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A History of Violence Paperback


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Product Details

  • Paperback: 286 pages
  • Publisher: Paradox Press; 1st edition (December 1, 2004)
  • Language: English
  • ISBN-10: 1563893673
  • ISBN-13: 978-1563893674
  • Product Dimensions: 8.1 x 5.6 x 0.8 inches
  • Shipping Weight: 12 ounces
  • Average Customer Review: 3.6 out of 5 stars  See all reviews (35 customer reviews)
  • Amazon Best Sellers Rank: #343,289 in Books (See Top 100 in Books)

Editorial Reviews

Review

"Mario Puzo collides with Norman Rockwell in a compelling tale of past crimes and present consequences" - Max Allan Collins (Road to Perdition)" --This text refers to an alternate Paperback edition.

From the Publisher

It was just another quiet day at McKenna's Diner--until a couple of wanted killers walked in looking for trouble. Instead, they got bullets, and Tom McKenna got to be an instant media celebrity. That got him a lot of attention from some people he thought he'd escaped long ago. The kind of people who never forget a face--even after twenty years...

Now Tom must confront a group of cold-blooded mobsters intent on settling the score. As much as he tries to deny it, he's a man with a history of violence--and with the lives of his family hanging in the balance, he'll do anything to make sure his secret past stays buried...forever.END --This text refers to an out of print or unavailable edition of this title.


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Customer Reviews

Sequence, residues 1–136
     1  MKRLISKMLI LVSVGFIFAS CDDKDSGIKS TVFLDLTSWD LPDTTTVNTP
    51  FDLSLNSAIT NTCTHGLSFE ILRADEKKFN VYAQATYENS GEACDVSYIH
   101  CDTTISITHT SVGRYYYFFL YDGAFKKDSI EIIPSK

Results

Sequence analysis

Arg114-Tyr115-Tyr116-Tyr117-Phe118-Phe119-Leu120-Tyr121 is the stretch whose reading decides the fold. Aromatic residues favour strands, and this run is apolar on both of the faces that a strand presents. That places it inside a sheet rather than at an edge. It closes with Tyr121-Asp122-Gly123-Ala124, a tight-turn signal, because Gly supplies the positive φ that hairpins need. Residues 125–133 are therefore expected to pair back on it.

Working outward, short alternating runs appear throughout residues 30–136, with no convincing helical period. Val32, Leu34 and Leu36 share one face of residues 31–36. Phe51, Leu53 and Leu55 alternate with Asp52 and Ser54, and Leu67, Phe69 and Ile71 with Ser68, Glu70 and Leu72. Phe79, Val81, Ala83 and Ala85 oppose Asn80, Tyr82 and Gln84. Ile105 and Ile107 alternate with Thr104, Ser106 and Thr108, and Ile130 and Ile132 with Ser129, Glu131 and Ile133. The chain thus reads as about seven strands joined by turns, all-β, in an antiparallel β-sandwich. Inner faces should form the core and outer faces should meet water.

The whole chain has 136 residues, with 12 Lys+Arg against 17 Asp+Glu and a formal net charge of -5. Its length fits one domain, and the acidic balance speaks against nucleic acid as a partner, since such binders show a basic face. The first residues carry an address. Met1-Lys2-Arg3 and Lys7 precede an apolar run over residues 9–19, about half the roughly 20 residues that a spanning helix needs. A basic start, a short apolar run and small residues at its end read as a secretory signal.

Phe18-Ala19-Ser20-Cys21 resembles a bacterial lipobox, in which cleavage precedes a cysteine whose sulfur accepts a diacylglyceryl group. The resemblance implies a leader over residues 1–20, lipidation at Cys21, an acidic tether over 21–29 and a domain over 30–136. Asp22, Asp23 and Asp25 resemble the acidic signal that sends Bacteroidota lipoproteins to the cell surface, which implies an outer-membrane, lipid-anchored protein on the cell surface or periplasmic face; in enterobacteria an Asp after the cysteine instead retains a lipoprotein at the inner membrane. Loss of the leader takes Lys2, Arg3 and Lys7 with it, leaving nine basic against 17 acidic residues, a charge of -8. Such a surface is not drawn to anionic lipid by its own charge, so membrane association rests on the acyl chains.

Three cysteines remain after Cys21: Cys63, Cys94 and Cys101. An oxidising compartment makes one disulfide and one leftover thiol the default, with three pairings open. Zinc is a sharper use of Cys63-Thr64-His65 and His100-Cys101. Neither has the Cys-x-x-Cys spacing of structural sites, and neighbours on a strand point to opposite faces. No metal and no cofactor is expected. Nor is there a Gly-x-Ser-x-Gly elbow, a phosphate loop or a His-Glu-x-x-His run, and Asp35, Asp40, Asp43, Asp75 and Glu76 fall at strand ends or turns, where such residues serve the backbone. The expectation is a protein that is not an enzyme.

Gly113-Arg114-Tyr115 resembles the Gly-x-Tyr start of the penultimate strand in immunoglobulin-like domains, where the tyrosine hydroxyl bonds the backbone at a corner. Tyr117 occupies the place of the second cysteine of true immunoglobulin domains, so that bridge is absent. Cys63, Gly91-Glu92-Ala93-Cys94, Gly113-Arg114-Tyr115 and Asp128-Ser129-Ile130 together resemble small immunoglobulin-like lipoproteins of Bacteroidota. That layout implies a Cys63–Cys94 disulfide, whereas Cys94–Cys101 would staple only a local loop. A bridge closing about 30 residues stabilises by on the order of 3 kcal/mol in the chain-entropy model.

The Graphic Novel and Movie are different enough that each should be experienced.
Rich
The graphic novel is an amazing read, I highly recommend it, and the film is still a good watch, but somewhat disappointed one for me.
Deckard
It's almost a cliche to say that the book is better than the movie and often that is the case.
Tim Lieder

Most Helpful Customer Reviews

51 of 53 people found the following review helpful By Church of The Flaming Sword on September 20, 2005
Format: Paperback
Looking ever so forward to the David Cronenberg-directed adaptation of _A History of Violence_ to arrive at my local theater, I found it of the utmost exigency to buy the 1997 graphic novel that inspired it. And let me tell you, it does not disappoint one bit.

_AHoV_ tells of a small-town Michigan diner owner named Tom McKenna. McKenna is a nice guy with a loving wife, an adorable preschool daughter, and a quirky but still likable teenage son. Life is just one uneventful day after another - just as Tom likes it.

Until one day that should have been like every other, two thugs with robbery and murder on their minds enter Tom's diner for the first (and last) time. The hoodlums decide to push their luck until Tom is forced to kill one and badly injure the other. The press catches wind of the incident of course. While Tom is hailed as a hero by his friends and neighbors, he does whatever he can to downplay his newfound fame. It doesn't work.

Shortly after the failed robbery attempt, three mobsters from New York City come to the diner. All three of them have rap sheets with just about everything on them except broadcasting without the expressed written consent of Major League Baseball. Johnny Torrino, the leader of the three, is an aging assassin with failing eyesight looking for someone named "Joey", whom he needs to settle a score with. Torrino wears a necklace with a Joey's severed finger as a pendant. Mckenna, curiously enough, is missing one of his little fingers. Soon, it becomes evident that McKenna lived another life before settling down to small-town family life.

What makes _AHoV_ stand out from all the "edgy" graphic novels on the shelves is how it reads more like a great crime novel than just another graphic novel.